Skip to main content

How did you decide how to structure your gradebook?

Without exception, in every language class that I took from middle school through college, the gradebook looked very similar. Every graded assignment in the course was placed into a category that matched the assignment type: quizzes, tests, homework, classwork, participation, projects, etc. The weight of each category varied--sometimes, each category carried the same weight (20% quizzes, 20% tests, 20% homework, 20% classwork, 20% projects, for example); other times, quizzes and tests were weighted more heavily than other assignments.

Grade for proficiency in your language class: your gradebook must reflect your instruction!


Because this kind of a gradebook structure was all that I had ever known, it should come as no surprise that I structured my gradebook similarly when I began teaching. It never occurred to me to look for alternative gradebook setups or to ask questions like

  • What does this gradebook setup say about is valuable in this course?
  • What behaviors does this gradebook setup reward, and what behaviors does it encourage?
  • How do I prepare my students to be successful with this gradebook setup, and is that the kind of preparation that I want to do in class?


When I began meeting with Michele Whaley's First Fridays group here in Anchorage and learning about Standards Based Assessment, I realized several things about this gradebook setup that had been handed down to me and I had adopted without question. I realized that this traditional gradebook setup evaluates and communicates a few things that I want to evaluate and communicate, and it evaluates and communicates a lot of things that I don't.

In a traditional gradebook in which grades are sorted into assignment type, all of these factors contribute to the final grade:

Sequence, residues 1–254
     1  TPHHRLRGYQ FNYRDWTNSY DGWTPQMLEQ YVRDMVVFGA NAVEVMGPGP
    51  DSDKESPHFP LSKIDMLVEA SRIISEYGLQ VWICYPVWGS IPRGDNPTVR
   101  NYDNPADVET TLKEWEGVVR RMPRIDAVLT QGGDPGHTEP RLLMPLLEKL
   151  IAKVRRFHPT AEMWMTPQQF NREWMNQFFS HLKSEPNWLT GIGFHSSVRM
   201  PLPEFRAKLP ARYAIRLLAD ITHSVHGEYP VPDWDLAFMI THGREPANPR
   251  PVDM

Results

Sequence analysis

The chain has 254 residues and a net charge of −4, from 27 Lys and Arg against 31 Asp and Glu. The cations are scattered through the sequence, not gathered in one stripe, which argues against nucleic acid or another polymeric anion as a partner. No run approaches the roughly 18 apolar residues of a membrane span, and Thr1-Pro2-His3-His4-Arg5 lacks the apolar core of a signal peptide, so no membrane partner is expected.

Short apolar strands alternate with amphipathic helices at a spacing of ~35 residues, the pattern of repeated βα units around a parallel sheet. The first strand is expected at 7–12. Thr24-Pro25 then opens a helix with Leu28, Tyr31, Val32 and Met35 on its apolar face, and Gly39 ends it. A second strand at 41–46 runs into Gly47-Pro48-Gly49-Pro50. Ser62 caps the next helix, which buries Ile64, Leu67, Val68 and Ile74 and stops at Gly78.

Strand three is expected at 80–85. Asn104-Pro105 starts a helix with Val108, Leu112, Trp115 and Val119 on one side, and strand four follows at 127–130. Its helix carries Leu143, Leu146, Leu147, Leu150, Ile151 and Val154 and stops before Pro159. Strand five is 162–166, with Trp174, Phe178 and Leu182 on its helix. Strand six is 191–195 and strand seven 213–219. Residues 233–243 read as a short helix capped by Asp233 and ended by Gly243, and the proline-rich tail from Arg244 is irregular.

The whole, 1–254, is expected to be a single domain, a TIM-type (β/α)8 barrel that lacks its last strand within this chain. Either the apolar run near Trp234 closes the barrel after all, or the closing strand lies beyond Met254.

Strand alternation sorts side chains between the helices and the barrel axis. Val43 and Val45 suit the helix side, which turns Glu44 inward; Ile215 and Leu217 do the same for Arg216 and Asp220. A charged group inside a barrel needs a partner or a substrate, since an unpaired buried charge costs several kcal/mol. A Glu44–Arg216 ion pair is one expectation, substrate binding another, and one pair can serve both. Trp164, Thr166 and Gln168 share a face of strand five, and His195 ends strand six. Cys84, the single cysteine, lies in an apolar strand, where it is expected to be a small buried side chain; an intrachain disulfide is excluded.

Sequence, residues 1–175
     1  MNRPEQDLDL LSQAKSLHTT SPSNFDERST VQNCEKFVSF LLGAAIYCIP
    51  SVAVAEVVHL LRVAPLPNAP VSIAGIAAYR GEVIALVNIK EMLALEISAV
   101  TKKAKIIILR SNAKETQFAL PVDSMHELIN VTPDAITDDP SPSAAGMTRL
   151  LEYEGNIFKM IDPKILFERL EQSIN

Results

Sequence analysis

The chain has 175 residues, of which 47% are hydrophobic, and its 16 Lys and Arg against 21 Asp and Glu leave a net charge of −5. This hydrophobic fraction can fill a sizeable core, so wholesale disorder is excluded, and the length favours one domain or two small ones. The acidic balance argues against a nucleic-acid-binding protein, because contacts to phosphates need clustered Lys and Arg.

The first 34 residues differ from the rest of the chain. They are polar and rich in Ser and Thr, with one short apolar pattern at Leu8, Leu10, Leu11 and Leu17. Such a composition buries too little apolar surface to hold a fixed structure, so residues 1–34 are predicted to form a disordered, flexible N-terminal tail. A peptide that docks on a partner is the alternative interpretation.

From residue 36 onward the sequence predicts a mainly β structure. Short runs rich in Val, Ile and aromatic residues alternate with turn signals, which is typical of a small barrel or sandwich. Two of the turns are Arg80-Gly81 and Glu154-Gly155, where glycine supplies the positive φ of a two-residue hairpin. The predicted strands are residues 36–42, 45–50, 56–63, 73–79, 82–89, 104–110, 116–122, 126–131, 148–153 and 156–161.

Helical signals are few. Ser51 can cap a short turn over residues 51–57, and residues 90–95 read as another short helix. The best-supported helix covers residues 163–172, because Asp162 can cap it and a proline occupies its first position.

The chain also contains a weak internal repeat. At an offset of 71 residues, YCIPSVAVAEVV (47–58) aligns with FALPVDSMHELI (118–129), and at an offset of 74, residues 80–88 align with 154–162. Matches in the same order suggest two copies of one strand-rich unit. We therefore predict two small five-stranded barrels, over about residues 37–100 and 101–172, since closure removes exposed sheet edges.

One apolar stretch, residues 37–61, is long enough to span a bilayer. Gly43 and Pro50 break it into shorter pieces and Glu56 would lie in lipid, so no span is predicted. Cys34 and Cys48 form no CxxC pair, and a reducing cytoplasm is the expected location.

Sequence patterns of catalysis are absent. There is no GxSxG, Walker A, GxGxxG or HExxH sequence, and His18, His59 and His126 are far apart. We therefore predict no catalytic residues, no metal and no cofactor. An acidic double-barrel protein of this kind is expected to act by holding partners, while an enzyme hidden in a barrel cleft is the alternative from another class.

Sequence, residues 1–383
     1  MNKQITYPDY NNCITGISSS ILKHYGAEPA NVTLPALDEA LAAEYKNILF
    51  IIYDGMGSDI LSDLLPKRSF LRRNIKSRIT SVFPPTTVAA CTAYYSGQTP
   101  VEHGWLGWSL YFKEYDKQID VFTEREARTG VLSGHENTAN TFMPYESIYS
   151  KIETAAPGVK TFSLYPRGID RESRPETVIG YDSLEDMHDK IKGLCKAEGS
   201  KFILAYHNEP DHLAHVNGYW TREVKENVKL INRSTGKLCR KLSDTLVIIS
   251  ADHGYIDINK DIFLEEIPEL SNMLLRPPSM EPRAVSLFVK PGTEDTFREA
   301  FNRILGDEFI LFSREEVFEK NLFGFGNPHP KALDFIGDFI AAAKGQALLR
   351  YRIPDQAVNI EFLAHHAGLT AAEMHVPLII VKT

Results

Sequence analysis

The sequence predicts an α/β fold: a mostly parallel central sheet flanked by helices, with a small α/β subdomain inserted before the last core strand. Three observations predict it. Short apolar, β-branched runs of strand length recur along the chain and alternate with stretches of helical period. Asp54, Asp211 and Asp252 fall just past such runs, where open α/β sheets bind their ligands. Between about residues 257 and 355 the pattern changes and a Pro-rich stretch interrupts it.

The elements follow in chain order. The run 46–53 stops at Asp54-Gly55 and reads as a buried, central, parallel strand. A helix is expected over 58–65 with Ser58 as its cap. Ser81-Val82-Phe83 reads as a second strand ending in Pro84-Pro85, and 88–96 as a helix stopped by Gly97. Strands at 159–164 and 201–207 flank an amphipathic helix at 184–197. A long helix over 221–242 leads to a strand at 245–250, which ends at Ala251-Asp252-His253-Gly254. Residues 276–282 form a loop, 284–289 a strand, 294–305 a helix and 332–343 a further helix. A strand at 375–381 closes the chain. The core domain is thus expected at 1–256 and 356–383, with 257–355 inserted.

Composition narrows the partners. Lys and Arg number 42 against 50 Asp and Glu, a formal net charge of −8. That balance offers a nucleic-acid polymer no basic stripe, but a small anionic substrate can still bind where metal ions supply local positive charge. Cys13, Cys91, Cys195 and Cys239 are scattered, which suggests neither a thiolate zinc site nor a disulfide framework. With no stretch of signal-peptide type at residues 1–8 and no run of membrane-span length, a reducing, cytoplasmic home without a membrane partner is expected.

• Language performance/knowledge
  • Responsibility/work ethic
  • Attendance
  • Test-taking skill
  • Home/family situation

I asked myself, "Is this really what I want my gradebook to reflect?" 

Teaching Spanish? A traditional gradebook setup evaluates and communicates a lot of information that has nothing to do with language ability--and quite frankly that is out of the students' control!


Thanks to Scott Benedict (and to Betsy Paskvan who introduced me to his materials), my gradebook underwent a radical shift. I decided that that I wanted my students to be graded on what they know and can do in the target language--period.

As a slight compromise--even though I didn't want this in my gradebook--I kept a nearly worthless category to catch everything that students did or didn't do in class that didn't fall into the category of "What students know and can do in the target language". I originally called this category "Work Habits", but I have since changed my thinking and now would call it "Formative", as in Formative Assessments.

The Formative/formerly Work Habits category is where I put ALL of the "Complete/Incomplete/Not done" assignments that we do in class every day. This category WAS about accountability, and it was a category that I could point to during Student Led Conferences or at the end of a marking period to help explain why a students' Performance-Based Grade might be so low: typically, it was because they had missed many, many days of school and had therefore not completed any of the activities that result in language acquisition.


This is where my gradebook ended up:

Reading - 30% - How well do I understand written Spanish, in the context of the classroom?